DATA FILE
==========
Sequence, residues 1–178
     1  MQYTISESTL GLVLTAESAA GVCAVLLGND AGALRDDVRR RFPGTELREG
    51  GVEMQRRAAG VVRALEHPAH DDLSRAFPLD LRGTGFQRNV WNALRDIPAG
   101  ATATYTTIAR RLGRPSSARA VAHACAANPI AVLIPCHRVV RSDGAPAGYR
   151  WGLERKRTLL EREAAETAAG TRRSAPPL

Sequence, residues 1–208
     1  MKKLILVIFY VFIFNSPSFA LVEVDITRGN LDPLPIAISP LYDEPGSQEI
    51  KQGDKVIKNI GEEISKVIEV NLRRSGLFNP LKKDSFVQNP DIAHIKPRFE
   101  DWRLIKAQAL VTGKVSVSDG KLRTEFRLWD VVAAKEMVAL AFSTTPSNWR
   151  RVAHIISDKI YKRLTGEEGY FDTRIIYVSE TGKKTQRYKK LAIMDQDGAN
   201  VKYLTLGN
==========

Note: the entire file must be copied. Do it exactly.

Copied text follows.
Sequence, residues 1–178
     1  MQYTISESTL GLVLTAESAA GVCAVLLGND AGALRDDVRR RFPGTELREG
    51  GVEMQRRAAG VVRALEHPAH DDLSRAFPLD LRGTGFQRNV WNALRDIPAG
   101  ATATYTTIAR RLGRPSSARA VAHACAANPI AVLIPCHRVV RSDGAPAGYR
   151  WGLERKRTLL EREAAETAAG TRRSAPPL

Sequence, residues 1–208
     1  MKKLILVIFY VFIFNSPSFA LVEVDITRGN LDPLPIAISP LYDEPGSQEI
    51  KQGDKVIKNI GEEISKVIEV NLRRSGLFNP LKKDSFVQNP DIAHIKPRFE
   101  DWRLIKAQAL VTGKVSVSDG KLRTEFRLWD VVAAKEMVAL AFSTTPSNWR
   151  RVAHIISDKI YKRLTGEEGY FDTRIIYVSE TGKKTQRYKK LAIMDQDGAN
   201  VKYLTLGN